Christelle Colman, Old Mutual Insure executive for high-net-worth solutions, said in her experience, the most common risks associated with load shedding are the possible damage to appliances and the security threat.
“The risk of increased opportunistic crime should be top-of-mind for South Africans, considering the load shedding schedule is made public for all – including criminals – to see,” Colman said.
Colman and Steyn gave safety tips for South Africans at home during load shedding:
• Get back-up batteries for alarm systems. Double check that alarm systems are in working condition, and have back-up batteries in the event of a power failure, Steyn said.
• Load shedding causes power packs and batteries to wear out faster, Colman said, resulting in reduced functionality. This may also cause alarm systems to produce false alarms and panic signals, so units should be checked frequently.
• Have a spare torch or headlamp. Steyn advises keeping a torch in the car in the event of arriving home at night during a power outage. “Most smartphone also have a built-in torch or torch apps which come in handy during unexpected power outages,” Steyn said.
• Because the load shedding timetables are open to the public, criminals may see blackouts as an opportune time to undertake illegal activities, Colman said. Extra vigilance is especially required when arriving or leaving the home.
• Install reserve batteries for fences and gates too. Ensure electric fencing and gates still work during load shedding by installing – and maintaining – batteries, Colman said. Such batteries typically last between 6 hours and 8 hours when electricity supply goes down. “But load shedding dramatically decreases a battery’s lifespan, so it is incredibly important that these are tested or replaced.” She added homeowners should also ensure that their homes are locked up and adequately secured, in order to reduce the risk of a burglary during load shedding.
• Save Emergency contact information. People should save emergency contact information on their phones and also keep a paper copy safe and accessible, Steyn said. The list should include numbers for emergency services such as the fire department, police, and medical services. “Also, include contact information of friends and family along with insurance information.”
• Charge electronic devices. Always keep cell phones, laptops, and tablets fully charged in case of an unscheduled blackout, Steyn said. “It's also a good idea to have an emergency phone charger close by, this comes in handy during extended power outages. Remember to use devices sparingly during outages so that you don't drain the battery completely before the power returns.”
Adapted from: https://www.businessinsider.co.za/ways-to-stay-safe-during-eskom-loadshedding-2019-2 13 February 2019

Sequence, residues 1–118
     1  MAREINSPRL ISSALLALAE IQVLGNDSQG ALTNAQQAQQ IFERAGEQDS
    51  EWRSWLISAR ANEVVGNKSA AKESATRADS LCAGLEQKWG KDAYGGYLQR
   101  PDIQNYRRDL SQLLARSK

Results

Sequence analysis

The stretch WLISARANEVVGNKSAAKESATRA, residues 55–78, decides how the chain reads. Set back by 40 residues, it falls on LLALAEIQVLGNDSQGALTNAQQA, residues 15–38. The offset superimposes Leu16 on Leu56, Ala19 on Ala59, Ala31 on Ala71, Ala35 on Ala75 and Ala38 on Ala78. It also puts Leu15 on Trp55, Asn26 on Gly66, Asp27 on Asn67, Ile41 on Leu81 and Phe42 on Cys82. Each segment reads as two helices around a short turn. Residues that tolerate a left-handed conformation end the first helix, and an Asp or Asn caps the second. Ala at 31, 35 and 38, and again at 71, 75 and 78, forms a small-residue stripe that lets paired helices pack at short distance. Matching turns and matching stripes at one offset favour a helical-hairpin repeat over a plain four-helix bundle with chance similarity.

Laddsworth Cricket players put in an excellent performance against Athlone Primary School on Saturday 2 March 2019.
Samuel Bishop (Grade 4) made 52 runs not out in the under 10A match.
Dax Jursa (Grade 6) made 66 runs not out in the under 11A match.
Marthinus Erasmus (Grade 7) took 5 wickets for 5 runs in the First Team match.
The boys each received a cricket ball for their fine efforts.
Pictured from Left to Right: Samuel Bishop, Marthinus Erasmus, Dax Jursa.
News supplied by Laddsworth Primary School.
The relevant experience or Qualifications.
Willingness to commit to a few classes in April and May (Mornings).
MiTH is located at The Knoll Historic Guest Farm, Knoll Drive, Hilton. Doors open at 6 pm and the music will kick off at 7 pm. Entrance is R40 at the door.
Tia Aurets (Grade 5) swam in the Under 11 Category and received Gold Medals for 25m Breaststroke and Backstroke, Silver Medals for 25m Freestyle and Butterfly, and a Bronze medal for the 100m Individual Medley.
Ella Hall (Grade 3) received a Bronze Medal for the Under 9 Individual Medley
Abigail Moodley (Grade 2) swam in the Under 7 Category and received a Silver Medal for 25m Backstroke and Bronze Medals for 25m Freestyle and Breaststroke.
Julia Nicholson (Grade 2) swam in the Under 7 Category and came 4th in 25m Freestyle heat and 2nd in the Breaststroke heat.
Owen Hall (Grade 1) swam in the Under 6 Category and received a Silver Medal for Backstroke and a Gold Medal for Breaststroke.
The drop off point is at HCF, 3 Hilton College Rd from 8:30 - 16:00 Tuesday - Friday.
We are proudly Hilton’s longest established salon.
We are experienced & passionate about what we do and we look forward to providing you with some quality time and blissful relaxation whilst catering to your every beauty need - Facial Treatments, Manicures, Pedicures, Nail Enhancements, Massage, Aromatherapy, Waxing, Lashes & Brows, Make Up and Spray Tans. Please come in, enjoy a cup of tea or coffee and let us take care of your beauty and wellbeing.
If your child has difficulty with reading and/or can’t spell, is labeled as 'dyslexic' or/and 'ADHD', he or she is almost certainly a visual-spatial learner i.e. a right brain dominant learner. This means that they think and learn very differently to people who are left-brain dominant learners.
RESEARCH TELLS US THAT THE RIGHT-BRAIN STYLE OF LEARNING IS NOT A LEARNING DISABILITY BUT A DIFFERENT WAY OF LEARNING
Why do they often struggle to learn isolated words?
• These very intelligent, creative students are visual thinkers. This is a wonderful gift to have.